Fifteen will get you twenty
By: M. A. Stirnaman
Hitchhiking is a gamble. Stretch out your fist, poke your thumb out, and hope for a matching king on the turn. The universe likes to remind you of its neutrality sometimes. You’re dealt an off suit deuce and wind up as a potential line on the action news teleprompter.
The white truck with one blue door and a duct tape warranty exits the highway and pulls into the Choctaw Lucky Star parking lot. Indian casinos dot the Oklahoma map. This particular gambling hall has seen better days. Few cars occupy the large lot. The empty vehicles belong to either early morning gamblers or sleep deprived degenerates that are in too deep to let the sun stop them. Sunday is a church day. This is their house of worship.
Anna sees the man’s reflection in the window. He looks at her, waiting for her to meet his eyes. His grin is welcoming in an all too sinister way. His kind always wants attention. Anna focuses on her worn jeans and dirty hands. She grips her only possession in this world; a small wooden box with intricately carved floral patterns and a stubborn lock that she was never given a key for. She hopes to open it one day.
She goes through the motions of escape in her mind. Taking off the seatbelt that he made sure she clicked, unlocking the door, pulling the latch, and taking off. Each step feels like it would take hours and he is probably the type of monster who revels in struggle.
His calloused hand strokes her thigh.
“I’m fifteen, sir,” she says.
“I didn’t ask.”
His attempt at softness somehow makes it worse. He is a spider playing with the little bug in his web. She stares at the lock on what used to be called her mother’s box. Life has a funny way of taking away what you love most and leaving you with baubles and trinkets. Anna imagines herself as the box. She is beautiful oak. Vines weave around her, each adorned with blooming roses. She holds a secret inside of her. The man tries to force his way in.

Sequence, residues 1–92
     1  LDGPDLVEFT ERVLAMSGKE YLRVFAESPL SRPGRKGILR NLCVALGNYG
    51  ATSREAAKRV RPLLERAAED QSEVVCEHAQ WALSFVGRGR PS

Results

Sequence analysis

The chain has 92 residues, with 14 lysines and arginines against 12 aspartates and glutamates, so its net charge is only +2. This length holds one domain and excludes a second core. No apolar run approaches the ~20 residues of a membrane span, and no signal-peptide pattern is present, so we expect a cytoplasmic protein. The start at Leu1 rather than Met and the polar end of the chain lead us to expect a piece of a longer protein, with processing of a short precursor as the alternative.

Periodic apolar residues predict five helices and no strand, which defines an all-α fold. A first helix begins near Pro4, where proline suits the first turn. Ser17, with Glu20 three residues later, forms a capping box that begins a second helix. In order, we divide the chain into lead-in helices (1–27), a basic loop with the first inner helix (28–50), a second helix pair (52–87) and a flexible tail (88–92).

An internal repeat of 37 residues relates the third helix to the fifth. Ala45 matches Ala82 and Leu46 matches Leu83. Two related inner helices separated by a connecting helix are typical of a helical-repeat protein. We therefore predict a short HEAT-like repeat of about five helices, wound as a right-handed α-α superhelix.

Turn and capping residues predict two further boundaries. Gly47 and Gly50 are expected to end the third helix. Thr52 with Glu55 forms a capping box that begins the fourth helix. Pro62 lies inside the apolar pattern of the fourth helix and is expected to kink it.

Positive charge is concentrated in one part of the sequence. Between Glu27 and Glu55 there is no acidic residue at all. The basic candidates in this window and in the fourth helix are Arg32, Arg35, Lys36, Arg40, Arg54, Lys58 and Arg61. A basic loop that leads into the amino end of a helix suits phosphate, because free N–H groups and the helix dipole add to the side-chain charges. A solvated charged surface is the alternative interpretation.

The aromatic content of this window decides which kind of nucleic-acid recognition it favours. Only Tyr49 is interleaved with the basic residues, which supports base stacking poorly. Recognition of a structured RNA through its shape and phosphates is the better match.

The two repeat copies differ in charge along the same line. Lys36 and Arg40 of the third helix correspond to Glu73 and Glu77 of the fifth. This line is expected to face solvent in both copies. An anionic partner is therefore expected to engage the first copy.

“Give me that stupid thing.” The man leans over her to pry the box free from her grip.
The aroma of stale cigarettes and sweat is almost more offensive than the tiny bulge in his pants. Anna opens her mouth wide, finds a chunk of flesh, and bites down hard. Blood flows into her mouth. She withdraws and spits his fluid back at him. Her mouth tastes of pennies.
“You stupid bitch,” the man says, holding a hand to the gaping wound in his shoulder. He reaches for something under his seat.
Anna is on top of him before he has time to react. She lifts her box up and slams it into his face. The satisfying crunch eggs her on. Again and again she lifts up her precious box. Again and again she brings it down.
His body slumps down into the seat. His bloody visage basks in the rising sun. Anna’s arms are useless to her now, her muscles have given up. Some part of the man’s redesigned face had broken open the box for her. Anna wonders if she should thank him.
Anna searches for the missing contents of the box, but doesn’t know exactly what it is she is looking for. She sorts through strip club matchbooks, fast food receipts, and empty vodka bottles. She finds a small notebook, full of her parents’ handwriting. In the middle of the book, placed into the binding is a small key. Anna tries the key in the lock that used to hold the box shut, not a match.
She places the key back inside the notebook, pockets it and then gathers the assorted trash. Within minutes she has constructed a pile of receipts and paper bags on his lap, but not before fastening his seatbelt and duct taping him into it. You can’t be too safe nowadays. The first two matches are duds, the third strikes true. The paper goes up fast. She throws the rest of the matchbooks on top for good measure.
Anna walks away from the man and his screams. She heads for the highway.
Hitchhiking is a gamble.